When needing extra layers of sound FX for a track, I like to use the content of the track itself to generate these sounds. For example, you can run the song, or parts of it, through a series of FX and record it. A chain worth experimenting with is Track > Distortion > Delay with tons of feedback. So hit record and tweak away. Be bold, take chances. Then you’ll have this performance on another track which you can bring into the mix when some noisy stuff is needed (like a swell or a crash) and it’s source will be the track it is being used on. Sometimes it can adapt your tracks tonality or original sound design.
Some FX respond interestingly to being fed back into themselves. In the below video, I am running all of the drums into the Pigtronix Mothership synthesizer pedal. That returns to its own fader on the board and then that return fader gets sent back into its own input via an aux send on the board. So the signal chain is Drums > Synth Pedal > Synth Pedal > Synth Pedal… you get the idea. It’s feedback!
There is also some delay too and we all know that feedback is a key component to multiple delay taps.
Try this out with any effect that has a sequence, rate, or other time dependent parameter and you may open up sonic doors never explored. Share the files for hearing if you do!
I teach a class at Purchase called Creative Production Techniques and this semester we spent some time exploring microphone construcion and usage. When thinking about real spaces and room mics, we came up with an idea to blast some samples into a large hall, record it, chop it, and lay it out on a sampler. The results were pretty rewarding. Now all of the classic drum machine sounds already in our library can also be used with a nice natural reverb on them.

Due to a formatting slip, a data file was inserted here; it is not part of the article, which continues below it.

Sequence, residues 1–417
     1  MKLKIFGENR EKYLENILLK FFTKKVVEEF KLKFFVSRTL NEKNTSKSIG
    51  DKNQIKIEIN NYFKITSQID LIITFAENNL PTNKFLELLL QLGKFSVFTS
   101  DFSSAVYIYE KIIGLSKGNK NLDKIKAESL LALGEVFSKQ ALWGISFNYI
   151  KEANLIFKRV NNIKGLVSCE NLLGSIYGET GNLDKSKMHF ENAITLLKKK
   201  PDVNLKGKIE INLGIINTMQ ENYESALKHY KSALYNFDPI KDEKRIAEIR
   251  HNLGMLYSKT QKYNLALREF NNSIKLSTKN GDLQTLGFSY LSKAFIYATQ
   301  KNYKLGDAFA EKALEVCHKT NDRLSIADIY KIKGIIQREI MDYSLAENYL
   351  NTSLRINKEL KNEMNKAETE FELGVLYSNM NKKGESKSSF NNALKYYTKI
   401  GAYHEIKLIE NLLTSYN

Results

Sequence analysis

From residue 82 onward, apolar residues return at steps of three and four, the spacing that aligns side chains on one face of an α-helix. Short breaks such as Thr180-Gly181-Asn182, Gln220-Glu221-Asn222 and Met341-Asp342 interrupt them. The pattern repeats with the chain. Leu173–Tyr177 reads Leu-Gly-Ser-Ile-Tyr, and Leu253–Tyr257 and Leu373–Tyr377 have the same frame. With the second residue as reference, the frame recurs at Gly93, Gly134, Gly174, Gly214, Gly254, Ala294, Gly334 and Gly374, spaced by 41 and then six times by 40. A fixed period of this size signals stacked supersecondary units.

It’s been a few months since I’ve been around. I apologize for the absence and am grateful for your patience while I embarked on several big projects. In September of 2010 I relocated my studio, Butcha Sound, to the legendary Music Building in Manhattan at 251 W30th street. While making the change to a new spot that required new desks and a few hundred cables, I remained working on a few albums that were already in progress. I’ve been set up for a few weeks now and its been incredible being 3 blocks away from Madison Square Garden and feeling the wild energy that only NYC can generate. We’ve been host to some very interesting sessions and lessons, including our unique Drum Machine Camp, where students get to jam on some vintage pieces of drum machine history.
One simple trick I like to use to give mono tracks a little stereo life is to create a duplicate track, pan them opposite each other, and delay one of the tracks slightly (anywhere from 1-40 ms). I often use this on claps and snares to widen them, and on background vocals and doubles to give a fuller sound. I’ve definitely used it on 303 lines and other synths too. (See 1:45 on the video of Innovation.) If you are using Pro Tools, you can easily pull this off by insterting a mono/stereo delay and turning one side’s mix to 0% (basically turnng the effect off on that side) and turning the other side to 100% wet. Then, play with the delay time on the 100% wet side to dial in the desired width. After you pass 25ms, you will begin to hear the events as two different rhythmic events, but this may be a desired effect.
This technique draws from the Haas effect, where Germany’s Helmut Haas studied the psychoacoustic effects of reflections on the perception of speech. Check it out.
I needed to make some dub FX for a rehearsal tonight with Uzimon so I finally put into use the software editor for the Dave Smith MoPho. I’ve had this lil’ one voice jammer in my setup for a few years but I never took the time (all 10 minutes) to try out using a computer to program it. Man, I’ve been missing out on a lot. Programming this thing with its 4 Assignable Parameters knobs is so limited when compared to seeing it all laid out on the screen.